Orson Welles’ final masterpiece, nominally a documentary, began as a BBC project about art forger Elmyr de Hory, originally only to be narrated by Welles. After it emerged that Clifford Irving, who’d featured in the footage in his guise as de Hory’s biographer, had himself pulled off a giant hoax by fabricating an “authorized” biography of Howard Hughes (as told in Richard Gere-starrer “The Hoax”), Welles took over the project and turned it into something quite different,and quite remarkable: a meta-tastic, undoubtedly self-indulgent and self-satisfied examination into fakery. Much of the film’s last half-hour, involving Welles’ girlfriend Oja Kodar and Pablo Picasso, appears to be entirely made up. But truth is subjective, and the playfulness of the way Welles approaches his subject enhances its themes in a way that a more straight-ahead film probably wouldn’t be able to manage. Commenting on the art of performance that dominated Welles’ life as much as it does on anything that Hory and Irving ever managed, it’s a dense film, heady with ideas but hugely entertaining, even as its digressions occasionally spin off into dead ends. It’s unclassifiable and was mostly ignored by critics at the time (Welles told Jonathan Rosenbaum that he was making “a new kind of film,” one that was rejected by many devotees initially). Thankfully its reputation has been restored significantly over time. [B+]
“Filming ‘Othello'” (1978)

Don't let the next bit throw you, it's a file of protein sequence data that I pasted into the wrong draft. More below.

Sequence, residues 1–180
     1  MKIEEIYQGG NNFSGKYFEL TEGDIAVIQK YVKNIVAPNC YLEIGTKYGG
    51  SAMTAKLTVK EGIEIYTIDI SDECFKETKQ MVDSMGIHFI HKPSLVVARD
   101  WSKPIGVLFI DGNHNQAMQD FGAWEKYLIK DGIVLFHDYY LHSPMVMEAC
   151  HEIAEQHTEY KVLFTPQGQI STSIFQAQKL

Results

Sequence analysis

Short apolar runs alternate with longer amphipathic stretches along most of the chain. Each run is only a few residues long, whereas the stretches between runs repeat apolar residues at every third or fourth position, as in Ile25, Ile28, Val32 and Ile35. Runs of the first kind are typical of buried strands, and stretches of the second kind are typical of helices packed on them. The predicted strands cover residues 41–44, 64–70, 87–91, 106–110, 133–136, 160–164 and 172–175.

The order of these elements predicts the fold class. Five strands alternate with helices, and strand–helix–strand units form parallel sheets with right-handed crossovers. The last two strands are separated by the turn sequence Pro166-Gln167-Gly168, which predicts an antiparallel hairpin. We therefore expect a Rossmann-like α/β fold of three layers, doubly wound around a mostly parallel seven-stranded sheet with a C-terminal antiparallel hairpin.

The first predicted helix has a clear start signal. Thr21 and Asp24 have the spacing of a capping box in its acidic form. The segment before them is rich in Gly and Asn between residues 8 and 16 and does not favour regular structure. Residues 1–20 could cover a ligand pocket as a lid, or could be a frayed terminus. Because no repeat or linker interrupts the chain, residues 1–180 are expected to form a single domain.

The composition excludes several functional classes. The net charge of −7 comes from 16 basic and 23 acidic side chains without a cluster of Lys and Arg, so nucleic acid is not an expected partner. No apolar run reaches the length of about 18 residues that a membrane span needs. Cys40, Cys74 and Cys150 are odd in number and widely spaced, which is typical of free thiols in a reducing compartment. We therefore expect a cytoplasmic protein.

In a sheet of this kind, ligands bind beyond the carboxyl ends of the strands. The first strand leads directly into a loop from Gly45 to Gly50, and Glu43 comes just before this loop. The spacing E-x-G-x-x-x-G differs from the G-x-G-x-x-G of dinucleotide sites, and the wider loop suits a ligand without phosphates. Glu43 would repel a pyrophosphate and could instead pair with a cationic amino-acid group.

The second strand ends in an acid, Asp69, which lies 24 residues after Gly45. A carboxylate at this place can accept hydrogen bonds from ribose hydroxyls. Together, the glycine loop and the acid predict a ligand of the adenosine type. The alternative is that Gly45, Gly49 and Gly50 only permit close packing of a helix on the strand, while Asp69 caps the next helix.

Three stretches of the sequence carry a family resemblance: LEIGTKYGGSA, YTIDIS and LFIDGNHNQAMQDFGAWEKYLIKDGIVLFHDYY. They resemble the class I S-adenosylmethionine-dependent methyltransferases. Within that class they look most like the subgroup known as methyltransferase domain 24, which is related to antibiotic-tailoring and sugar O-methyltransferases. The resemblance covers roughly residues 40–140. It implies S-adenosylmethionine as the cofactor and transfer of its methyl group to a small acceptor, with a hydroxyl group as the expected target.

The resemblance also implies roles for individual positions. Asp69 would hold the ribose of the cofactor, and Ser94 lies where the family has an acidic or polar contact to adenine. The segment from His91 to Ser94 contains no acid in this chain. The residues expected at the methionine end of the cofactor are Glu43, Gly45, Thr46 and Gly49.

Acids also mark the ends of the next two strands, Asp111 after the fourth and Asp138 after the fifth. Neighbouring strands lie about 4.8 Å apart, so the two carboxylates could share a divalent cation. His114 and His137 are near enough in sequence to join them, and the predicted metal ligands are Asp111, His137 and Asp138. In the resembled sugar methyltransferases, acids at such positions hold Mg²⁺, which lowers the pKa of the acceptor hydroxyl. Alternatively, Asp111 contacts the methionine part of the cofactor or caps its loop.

Designed as the first in a series of features for German television in which Welles was to discuss his films, “Filming Othello” was the only one to be finished, and as such comprises the last feature film completed with Welles as director (footage for “Filming The Trial“ is available in unedited form). Halfway between a making-of and a director’s commentary, it’s actually a rather wonderful insight, not just into Welles’ filmmaking process but also into his personality. He is a fascinating raconteur, and the storied production of “Othello” yields some choice anecdotes (like how he found out in advance that he’d won the Palme d’Or when a frantic organiser came to ask what the national anthem of Morocco — the country submitting the film—was). But he is somewhat self-consciously an icon, and while he makes frequent self-deprecating remarks, they can seem disingenuous, the performance of a humility he maybe does not feel. But this is part of the delight of this informal and yet entirely directed documentary —the caricature of Welles as a Kane-ian figure whose talents were only matched by his ego is so deeply embedded that it’s enjoyable to see him speak for himself, and to realize just how well-founded that caricature was. Over the course of the film we get Welles talking to camera, sit in on a post-screening Q&A and share in a lunch with friends and co-stars Micheal MacLiammoir and Hilton Edwards (where all three get progressively squiffier), making it a great resource not just for “Othello” fans, but for anyone interested in Welles as a filmmaker whose creative brilliance both caused and flourished in adversity. [B]